"The rest of the story."
I alluded above to my previous experiences "in real life" (IRL). Here are the details:
I took my university's scuba course in 1986 when I was completing my terminal graduate degree, and became a TA for the course for several semesters until I graduated. I was one of the few TA's the instructor/professor allowed to man the fill station (including run the compressor). The course used Steel 72's exclusively at that time. At the time I took the course, the instructor already had been teaching this course that he, himself, designed, for many years.
Early in the instructor's tenure, there had been a catastrophic scuba compressor accident at a public university in an adjacent state. IIRC, someone--a university student, I believe--was either killed or maimed by an explosion of some sort. Because of this accident, my instructor was extremely safety cautious.
My instructor set up our fill station to consist of a government surplus Worthington compressor (intake air plumbed through the roof of the natatorium; manually-operated water separators after each stage; constant-flow, freshwater-jacketed lines between stages; a single, large filter stack that he packed manually, himself; over-pressure relief valve; etc.) connected to *six* cascade cylinders, themselves connected in series via pigtails. A single fill whip was connected to the first cascade cylinder. Scuba cylinders were filled in a water-filled garbage can.
I don't recall the exact characteristics of these cascade cylinders, but I remember they had a 3,500 psig service pressure.
Our rules were to fill the cascade system to a max pressure of 2,475 psig (2,500 psig, actually), and to fill the scuba cylinders to a max fill pressure of 2,250 psig--even though the instructor had all the scuba cylinders and the cascade bottles hydro-tested every *three* years, with the scuba cylinders tested for a "+" rating.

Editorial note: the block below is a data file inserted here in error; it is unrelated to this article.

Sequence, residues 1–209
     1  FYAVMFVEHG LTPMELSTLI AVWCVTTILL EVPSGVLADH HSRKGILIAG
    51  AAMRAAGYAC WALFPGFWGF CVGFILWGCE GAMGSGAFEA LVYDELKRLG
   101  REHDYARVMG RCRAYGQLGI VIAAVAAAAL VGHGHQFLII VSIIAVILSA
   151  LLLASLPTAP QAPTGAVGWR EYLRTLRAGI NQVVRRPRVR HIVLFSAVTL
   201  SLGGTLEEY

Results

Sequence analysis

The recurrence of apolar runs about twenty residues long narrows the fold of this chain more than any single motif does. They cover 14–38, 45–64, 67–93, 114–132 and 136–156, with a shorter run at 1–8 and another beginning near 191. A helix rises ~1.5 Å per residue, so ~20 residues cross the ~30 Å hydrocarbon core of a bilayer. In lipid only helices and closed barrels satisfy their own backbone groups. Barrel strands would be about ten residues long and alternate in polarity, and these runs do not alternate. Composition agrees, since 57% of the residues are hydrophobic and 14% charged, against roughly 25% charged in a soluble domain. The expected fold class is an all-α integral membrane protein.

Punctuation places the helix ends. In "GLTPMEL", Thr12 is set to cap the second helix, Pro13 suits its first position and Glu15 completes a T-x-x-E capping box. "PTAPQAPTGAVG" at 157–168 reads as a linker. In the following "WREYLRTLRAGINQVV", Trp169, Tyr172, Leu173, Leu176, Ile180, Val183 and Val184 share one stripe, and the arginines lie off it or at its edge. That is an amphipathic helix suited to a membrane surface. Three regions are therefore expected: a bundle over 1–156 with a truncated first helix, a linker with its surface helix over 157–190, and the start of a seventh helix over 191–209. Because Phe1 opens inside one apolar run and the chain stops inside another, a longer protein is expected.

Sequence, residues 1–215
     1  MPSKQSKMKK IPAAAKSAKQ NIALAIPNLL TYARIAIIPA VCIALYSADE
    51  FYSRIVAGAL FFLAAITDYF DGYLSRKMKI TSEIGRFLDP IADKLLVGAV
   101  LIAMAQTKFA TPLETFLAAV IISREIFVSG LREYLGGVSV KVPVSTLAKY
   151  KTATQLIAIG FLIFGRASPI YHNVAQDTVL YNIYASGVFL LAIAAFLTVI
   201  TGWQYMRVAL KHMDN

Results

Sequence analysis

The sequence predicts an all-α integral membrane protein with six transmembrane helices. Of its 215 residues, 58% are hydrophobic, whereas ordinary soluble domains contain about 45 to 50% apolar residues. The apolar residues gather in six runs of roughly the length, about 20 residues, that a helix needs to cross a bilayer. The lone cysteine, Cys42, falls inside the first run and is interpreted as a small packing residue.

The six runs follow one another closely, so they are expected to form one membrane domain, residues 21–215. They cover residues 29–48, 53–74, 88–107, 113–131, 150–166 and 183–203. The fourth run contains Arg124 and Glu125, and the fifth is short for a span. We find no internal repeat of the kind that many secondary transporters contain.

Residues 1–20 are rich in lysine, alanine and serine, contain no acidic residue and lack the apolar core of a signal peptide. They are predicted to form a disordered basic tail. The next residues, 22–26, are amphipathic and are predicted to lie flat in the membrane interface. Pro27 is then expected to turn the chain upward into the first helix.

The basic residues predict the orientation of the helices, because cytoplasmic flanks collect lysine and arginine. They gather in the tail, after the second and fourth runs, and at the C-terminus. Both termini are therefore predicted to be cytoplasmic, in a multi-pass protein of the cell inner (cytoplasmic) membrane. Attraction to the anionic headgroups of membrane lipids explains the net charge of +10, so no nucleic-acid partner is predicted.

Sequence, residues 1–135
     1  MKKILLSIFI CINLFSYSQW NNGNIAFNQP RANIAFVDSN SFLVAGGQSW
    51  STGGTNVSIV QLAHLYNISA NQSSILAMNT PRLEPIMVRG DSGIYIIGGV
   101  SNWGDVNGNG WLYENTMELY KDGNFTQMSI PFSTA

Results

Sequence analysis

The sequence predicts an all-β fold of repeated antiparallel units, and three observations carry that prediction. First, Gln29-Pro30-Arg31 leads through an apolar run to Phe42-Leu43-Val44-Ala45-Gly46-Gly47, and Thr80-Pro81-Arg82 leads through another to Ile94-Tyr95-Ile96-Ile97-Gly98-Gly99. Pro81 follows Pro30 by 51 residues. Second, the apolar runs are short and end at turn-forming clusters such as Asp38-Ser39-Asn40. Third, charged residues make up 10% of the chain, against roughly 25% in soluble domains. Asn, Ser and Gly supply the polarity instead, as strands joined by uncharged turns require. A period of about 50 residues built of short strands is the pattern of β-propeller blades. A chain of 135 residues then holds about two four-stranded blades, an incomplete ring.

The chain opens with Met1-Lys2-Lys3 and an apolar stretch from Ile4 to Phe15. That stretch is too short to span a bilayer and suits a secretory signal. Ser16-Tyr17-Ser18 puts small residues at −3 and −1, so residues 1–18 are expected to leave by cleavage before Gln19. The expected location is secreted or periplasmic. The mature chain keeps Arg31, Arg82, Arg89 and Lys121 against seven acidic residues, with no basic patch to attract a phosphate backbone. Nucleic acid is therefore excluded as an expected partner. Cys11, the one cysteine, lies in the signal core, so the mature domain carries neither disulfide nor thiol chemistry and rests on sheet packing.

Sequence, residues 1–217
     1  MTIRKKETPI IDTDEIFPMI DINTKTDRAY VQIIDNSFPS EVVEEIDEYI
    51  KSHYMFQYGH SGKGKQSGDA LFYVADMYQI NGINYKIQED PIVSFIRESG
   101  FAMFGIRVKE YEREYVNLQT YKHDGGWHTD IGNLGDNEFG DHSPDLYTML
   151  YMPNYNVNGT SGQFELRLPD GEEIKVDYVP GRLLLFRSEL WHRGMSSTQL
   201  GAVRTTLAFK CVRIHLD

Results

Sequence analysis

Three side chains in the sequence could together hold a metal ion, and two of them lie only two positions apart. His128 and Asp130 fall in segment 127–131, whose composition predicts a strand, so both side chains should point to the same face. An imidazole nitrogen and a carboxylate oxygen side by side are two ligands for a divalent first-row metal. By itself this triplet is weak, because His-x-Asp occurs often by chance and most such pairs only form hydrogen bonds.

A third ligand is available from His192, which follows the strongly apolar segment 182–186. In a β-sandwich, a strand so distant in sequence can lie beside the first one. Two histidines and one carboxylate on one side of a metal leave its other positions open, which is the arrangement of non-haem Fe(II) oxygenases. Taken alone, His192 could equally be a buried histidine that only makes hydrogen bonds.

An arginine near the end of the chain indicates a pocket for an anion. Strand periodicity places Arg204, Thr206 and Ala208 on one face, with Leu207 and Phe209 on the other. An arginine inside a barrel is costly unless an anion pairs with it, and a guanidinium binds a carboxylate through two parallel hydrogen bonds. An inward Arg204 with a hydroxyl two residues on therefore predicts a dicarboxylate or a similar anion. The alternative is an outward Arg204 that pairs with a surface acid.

Each of our wet sessions had about 12 scuba students. (Six pool lanes, a buddy pair each lane.) So, potentially six "empty" tanks after each hour-long wet session. The fill station I describe above had sufficient capacity to fill all 12 scuba cylinders without recharge.
(Also, the compressor had high enough SCFM to top off the cascade system in less than an hour--so that the scuba cylinders could be refilled and used the next hour, by the next class. Typically, there were three hour-long wet sessions that met twice a week, with "optional" Sunday wet sessions.)
Clearly, the instructor had built layers of safety into his set-up: It was almost impossible to seriously overfill a scuba cylinder using his setup! (The OPV was set just north of 2,500 psig, IIRC.)
So, I kinda "knew" in advance that the above exercise would end with only a relatively few cascade cylinders being needed. Indeed, my intermediate calculations show that only six cascade cylinders (rather than eight) are needed if we had specified 12 Steel 72's (rather than 16) in the above exercise--consistent with my experience IRL.